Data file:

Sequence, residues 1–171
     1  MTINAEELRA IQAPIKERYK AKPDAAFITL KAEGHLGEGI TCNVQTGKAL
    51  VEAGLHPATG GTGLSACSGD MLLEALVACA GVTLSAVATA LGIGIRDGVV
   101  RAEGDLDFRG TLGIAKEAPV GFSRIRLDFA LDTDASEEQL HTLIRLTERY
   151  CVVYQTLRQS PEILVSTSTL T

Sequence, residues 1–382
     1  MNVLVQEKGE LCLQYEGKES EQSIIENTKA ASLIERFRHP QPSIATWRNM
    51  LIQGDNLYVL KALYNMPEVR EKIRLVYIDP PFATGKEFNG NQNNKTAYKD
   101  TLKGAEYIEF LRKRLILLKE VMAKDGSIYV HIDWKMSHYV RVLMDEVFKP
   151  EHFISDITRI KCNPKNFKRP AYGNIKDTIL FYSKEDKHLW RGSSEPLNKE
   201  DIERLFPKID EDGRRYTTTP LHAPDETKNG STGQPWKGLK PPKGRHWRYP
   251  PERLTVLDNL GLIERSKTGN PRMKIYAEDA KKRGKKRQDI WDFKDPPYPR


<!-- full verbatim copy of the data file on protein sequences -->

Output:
Sequence, residues 1–171
     1  MTINAEELRA IQAPIKERYK AKPDAAFITL KAEGHLGEGI TCNVQTGKAL
    51  VEAGLHPATG GTGLSACSGD MLLEALVACA GVTLSAVATA LGIGIRDGVV
   101  RAEGDLDFRG TLGIAKEAPV GFSRIRLDFA LDTDASEEQL HTLIRLTERY
   151  CVVYQTLRQS PEILVSTSTL T

Sequence, residues 1–382
     1  MNVLVQEKGE LCLQYEGKES EQSIIENTKA ASLIERFRHP QPSIATWRNM
    51  LIQGDNLYVL KALYNMPEVR EKIRLVYIDP PFATGKEFNG NQNNKTAYKD
   101  TLKGAEYIEF LRKRLILLKE VMAKDGSIYV HIDWKMSHYV RVLMDEVFKP
   151  EHFISDITRI KCNPKNFKRP AYGNIKDTIL FYSKEDKHLW RGSSEPLNKE
   201  DIERLFPKID EDGRRYTTTP LHAPDETKNG STGQPWKGLK PPKGRHWRYP
   251  PERLTVLDNL GLIERSKTGN PRMKIYAEDA KKRGKKRQDI WDFKDPPYPR